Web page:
Hmmmm. I’ve been reading some of the sites listed over at Dancing Through Doorways – about disability, particularly autism. One site was particularly disturbing: Autism: Getting the Truth Out. Disturbing in the sense that I don’t know many autistic people and that I am so ignorant of their circumstances. I saw a segment on television some time ago about an autistic musician, probably on 60 Minutes, and was impressed by his musical ability. I didn’t think much about the rest of his life. But, then we never think much about the rest of anyone’s life, do we?
While the articles on another site seemed dated, one by an adult who had been in the closet (of autism) for most of her life struck me personally. She talked about high functioning and how she learned to talk about her disability in ways that did not alarm people or provoke pity. She has incorporated their expectations and their acceptable mannerisms into herself until she felt she no longer knew who she was.
Many of us do that. And, many of us have disabilities that we cover well or deny. That denial will get you in the end.
I’ve had respiratory problems all my life. I lived much of my life as a high functioning respiratory disabled person. There, I’ve said it. I am and have long been disabled. I’ve lost many jobs because I got sick and couldn’t get well in their set length of time. I’ve worked in states where discrimination is difficult to prove, especially when you deny to yourself that you are disabled.
Right now, I’m a low-functioning respiratorily disabled person. A good diagnosis on Friday and an extended weight loss program may bring me back to medium-functioning. May.
I am not obviously disabled. People do not shun me. Employers would hire me, but they would also let me go when the extended illness came. I am bright and loved (what blessings), and I have all the physical things that I need in life (more blessings). I do not have self-esteem. I have to pretend that I will get well, when the truth is that I don’t know if I will ever be better than now. Perhaps. The Friday procedure should tell us something.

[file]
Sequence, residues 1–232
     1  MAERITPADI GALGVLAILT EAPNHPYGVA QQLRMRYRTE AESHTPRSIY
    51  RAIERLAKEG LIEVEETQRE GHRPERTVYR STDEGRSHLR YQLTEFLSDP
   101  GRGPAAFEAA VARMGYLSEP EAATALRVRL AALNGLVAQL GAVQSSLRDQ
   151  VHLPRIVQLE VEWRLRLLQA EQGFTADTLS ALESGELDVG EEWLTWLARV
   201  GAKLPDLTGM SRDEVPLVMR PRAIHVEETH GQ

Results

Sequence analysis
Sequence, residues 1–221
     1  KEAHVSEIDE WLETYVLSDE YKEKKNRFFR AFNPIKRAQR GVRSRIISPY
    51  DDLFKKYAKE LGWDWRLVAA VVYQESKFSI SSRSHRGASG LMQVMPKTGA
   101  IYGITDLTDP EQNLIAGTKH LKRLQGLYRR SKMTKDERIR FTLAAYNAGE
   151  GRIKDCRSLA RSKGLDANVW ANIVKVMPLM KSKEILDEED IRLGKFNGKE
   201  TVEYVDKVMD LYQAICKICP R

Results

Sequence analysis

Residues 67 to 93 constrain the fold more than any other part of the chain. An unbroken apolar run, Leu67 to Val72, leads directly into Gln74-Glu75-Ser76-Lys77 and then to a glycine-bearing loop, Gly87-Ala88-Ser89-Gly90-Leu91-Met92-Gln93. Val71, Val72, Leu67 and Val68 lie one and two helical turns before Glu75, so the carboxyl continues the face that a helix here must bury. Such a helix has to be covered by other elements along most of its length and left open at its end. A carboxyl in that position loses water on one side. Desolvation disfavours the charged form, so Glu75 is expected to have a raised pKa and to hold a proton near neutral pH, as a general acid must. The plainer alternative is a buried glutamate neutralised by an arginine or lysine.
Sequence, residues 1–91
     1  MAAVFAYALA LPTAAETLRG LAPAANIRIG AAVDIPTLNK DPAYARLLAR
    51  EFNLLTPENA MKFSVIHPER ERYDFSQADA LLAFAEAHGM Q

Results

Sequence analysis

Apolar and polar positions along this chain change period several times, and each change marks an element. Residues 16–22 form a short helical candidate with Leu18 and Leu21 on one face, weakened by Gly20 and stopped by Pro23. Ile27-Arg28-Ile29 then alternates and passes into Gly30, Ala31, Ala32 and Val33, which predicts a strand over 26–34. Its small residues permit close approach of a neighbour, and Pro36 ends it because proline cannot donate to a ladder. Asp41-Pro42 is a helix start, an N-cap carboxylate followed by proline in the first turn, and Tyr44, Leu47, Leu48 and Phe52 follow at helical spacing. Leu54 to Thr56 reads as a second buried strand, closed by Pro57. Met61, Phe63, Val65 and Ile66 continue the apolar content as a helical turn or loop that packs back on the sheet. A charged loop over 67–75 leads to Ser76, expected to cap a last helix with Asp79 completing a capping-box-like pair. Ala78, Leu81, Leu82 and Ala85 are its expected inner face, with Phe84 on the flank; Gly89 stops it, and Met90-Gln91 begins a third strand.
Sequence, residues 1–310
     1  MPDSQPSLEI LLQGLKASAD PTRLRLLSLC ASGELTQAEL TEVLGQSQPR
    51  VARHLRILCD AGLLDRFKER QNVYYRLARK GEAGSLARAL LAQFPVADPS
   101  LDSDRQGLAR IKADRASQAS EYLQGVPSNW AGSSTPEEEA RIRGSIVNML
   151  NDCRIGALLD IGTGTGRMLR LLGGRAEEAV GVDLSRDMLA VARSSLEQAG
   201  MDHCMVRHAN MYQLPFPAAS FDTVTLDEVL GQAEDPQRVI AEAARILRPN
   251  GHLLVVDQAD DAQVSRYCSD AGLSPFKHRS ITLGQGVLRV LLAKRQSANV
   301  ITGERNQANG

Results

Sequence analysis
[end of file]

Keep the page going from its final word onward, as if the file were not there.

What I have to accept is that I am disabled. Ten years ago my pastor, with whom I shared an office, said that I should apply for disability. I was horrified. I wasn’t disabled. I was just sick and I would be well again. Untrue. I got better, but I never regained all my strength of body or immune system. Last week a friend suggested that I apply for disability. I was silent, not wanting to hurt her feelings because she is disabled as a result of an auto accident. I didn’t feel that I was disabled. Not me. I can do it. I will get well. Untrue. I will never be well. I may get lots better, especially if I lose weight, but I am respiratorily disabled and I will continue to be for the rest of my life.
That’s so hard to accept. It’s not my vision of self. Just as the autistic woman said that others’ visions of herself was not her vision. My vision doesn’t fit others’ visions either; I’m in denial big time.
Perhaps some of my adventurousness during my earlier years was in part due to the fact that I knew I had to live it all as quickly as I could. Someday I wouldn’t be able to do those things. Someday I might be stuck inside just because the wind is blowing hard.
My communication with God slides among three perspectives – prayers for others, pity for myself and gratitude. Drop in an occasional amazement, and there you have it. God and I had a talk the other night about my weight. I heard in my heart that I’m not ready yet, and I heard in my heart that I haven’t developed the discipline that losing the weight would take. It wasn’t going away by itself. God would help, but I had to do my part, and I wasn’t doing anything except feeling pitiful. (Twelve steps programs would say, “Margaret, you have to act as if..”)
Same with respiratory problems. I wasn’t doing everything I could to alleviate the symptoms. I could do better. And, I have done better on that, Thanks be to God. I take my medicine, I use my inhalers, I stay out of the wind, I use dust masks (awful things – make your nose run), and I still feel sorry for myself.
I can’t get out of this rut. So, readers, I need some prayers – for depression, for hope, for a significant outcome of the Friday bronchoscopy, for the courage to go to Weight Watchers, for a way out of this rut that I can and will take. I have so much good in my life; I want to get out of this pity me scheme, look reality (if it exists) in the face, and go on with what I can do. Thanks.